Easter Friday’s Pink Moon

Posted by Imogen Searra on 18 April 2019

This Friday, the Northern Hemisphere will see a full Pink Moon rising in the night sky. Despite it’s name, the moon will not actually be pink in colour. The name ‘Pink Moon’ comes from the moss pink or wild ground phlox. The flowers are indicative of the beginning of Spring in the Northern Hemisphere, giving the recurring full moon it’s name. Other names for this moon include Egg Moon, Fish Moon and Sprouting Grass Moon.


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According to Space, the moon will be three days past perigee, the point in the moon’s orbit where it is closest to Earth. This means that the moon will almost be a supermoon, where it appears larger and brighter than normal. A full moon occurs when the moon is on the exact opposite side of the Earth from the sun. The moon’s shine is actually a reflection of the sun’s light. If the moon’s orbit moves it into the shadow of the Earth, we see a lunar eclipse.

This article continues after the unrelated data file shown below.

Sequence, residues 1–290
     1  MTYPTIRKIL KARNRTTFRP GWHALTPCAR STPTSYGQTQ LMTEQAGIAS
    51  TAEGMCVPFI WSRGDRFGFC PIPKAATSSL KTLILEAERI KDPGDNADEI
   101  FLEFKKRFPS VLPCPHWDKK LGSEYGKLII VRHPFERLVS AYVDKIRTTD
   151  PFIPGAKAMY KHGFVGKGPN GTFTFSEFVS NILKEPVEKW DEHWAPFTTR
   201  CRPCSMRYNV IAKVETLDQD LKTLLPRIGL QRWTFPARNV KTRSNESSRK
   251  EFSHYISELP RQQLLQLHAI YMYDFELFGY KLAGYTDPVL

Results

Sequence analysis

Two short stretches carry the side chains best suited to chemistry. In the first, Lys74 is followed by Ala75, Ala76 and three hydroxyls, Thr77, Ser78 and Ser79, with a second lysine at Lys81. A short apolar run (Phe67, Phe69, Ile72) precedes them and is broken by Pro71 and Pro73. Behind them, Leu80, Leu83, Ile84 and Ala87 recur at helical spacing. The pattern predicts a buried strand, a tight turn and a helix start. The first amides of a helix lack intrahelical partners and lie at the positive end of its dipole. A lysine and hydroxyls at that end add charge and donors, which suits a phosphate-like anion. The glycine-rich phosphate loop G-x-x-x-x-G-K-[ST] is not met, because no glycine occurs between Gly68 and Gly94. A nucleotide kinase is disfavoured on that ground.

The only time that the moon appears pinkish in colour is during a blood moon. This is a total lunar eclipse and the moon turns a shade of orangey-pink from the light travelling through Earth’s atmosphere. Dust and smoke in the atmosphere can turn the moon a darker red colour.

According to The Farmers Almanac, in the Northern Hemisphere a full moon in April brings frost. If the full moon rises pale, rain can be expected.

The full Pink Moon brings about good news for gardeners and according to folklore, ‘The period from the Full Moon through the last quarter of the Moon is the best time for killing weeds, thinning, pruning, mowing, cutting timber, and planting below-ground crops.’

The best time to see the Pink Moon on Friday, 19 April are:

4.12am PDT (Los Angeles)

4.12am MST (Phoenix)

5.12am MDT (Salt Lake City)

6.12am CDT (Chicago)

7.12am EDT (New York)

12.12pm BST (London)

1.12pm CEST (Paris)


On 16-17 July there will be a partial lunar eclipse will be visible, weather dependent, in South America, Europe, Africa, Asia and Australia. In South Africa the eclipse will begin at 8:43 PM on 16 July and will end at 2:17 AM on 17 July.


Feature image: Unsplash

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